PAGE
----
Toshiba operating profit drops 90%, CEO resigns over misconduct

Toshiba operating profit drops 90%, CEO resigns over misconduct

Tech’s results were well below analysts’ consensus. In addition to the quarterly accounts, the company said its operations manager resigned for breaching expense reporting rules.

Toshiba’s operating profit fell 90% to 5.3 billion yen (37.6 million euros at current exchange rates) between October and December, well below analysts’ consensus of 38 billion yen, according to S&P Global Market Intelligence (approx. 270 million euros).

The results were penalized by a drop in the performance of the hard disk segment, due to a decrease in demand. In addition, Toshiba was affected by the decline in the share price of subsidiary Toshiba TEC, recording a 10.2 billion yen impairment.

Looking ahead to the rest of the financial year (which ends in March), the Japanese conglomerate again cut profit forecasts for the second time since November, hoping to achieve a profit of 95 billion yen. The company resorted to the company’s poor performance to justify this new valuation.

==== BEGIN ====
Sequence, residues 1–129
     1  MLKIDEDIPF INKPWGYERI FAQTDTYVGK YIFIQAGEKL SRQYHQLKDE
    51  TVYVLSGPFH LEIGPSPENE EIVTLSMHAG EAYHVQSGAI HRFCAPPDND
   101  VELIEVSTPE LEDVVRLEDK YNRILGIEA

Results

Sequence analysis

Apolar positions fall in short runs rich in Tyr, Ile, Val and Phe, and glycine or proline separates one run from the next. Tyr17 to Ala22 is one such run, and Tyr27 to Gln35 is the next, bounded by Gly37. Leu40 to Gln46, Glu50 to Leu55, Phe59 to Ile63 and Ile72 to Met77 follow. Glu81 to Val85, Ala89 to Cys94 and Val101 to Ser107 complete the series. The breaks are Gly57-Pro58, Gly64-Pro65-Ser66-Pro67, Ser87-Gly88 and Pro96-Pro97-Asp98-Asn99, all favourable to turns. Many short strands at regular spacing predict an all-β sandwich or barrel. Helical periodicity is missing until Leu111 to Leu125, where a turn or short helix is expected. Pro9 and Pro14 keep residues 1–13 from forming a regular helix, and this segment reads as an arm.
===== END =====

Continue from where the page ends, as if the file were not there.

The results come at a time when the Japanese group is rocked by controversy and shortly after it received a takeover offer from a consortium led by Japan Industrial Partners, which offered $15 billion (about 13.92 thousand euros) to buy Toshiba.

If the proposal is approved by Toshiba’s board and shareholders, it would end an eight-year history of problems that has brought the group to the brink of collapse.

This Tuesday, Toshiba chairman Akihiro Watanabe assured in a statement that the company will conduct “necessary negotiations” taking into account the “interest of shareholders and other stakeholders.”

In addition to financial problems, the company is also going through a reputational crisis. The company announced that its chief operating officer (COO), Goro Yanase, resigned after auditors discovered that the executive repeatedly presented the company with “entertainment expenses,” without mentioning the other participants in those events.

The alleged wrongdoing took place in 2019 when Yanase was still a board member of a Toshiba subsidiary and thus before he was still a director of operations.

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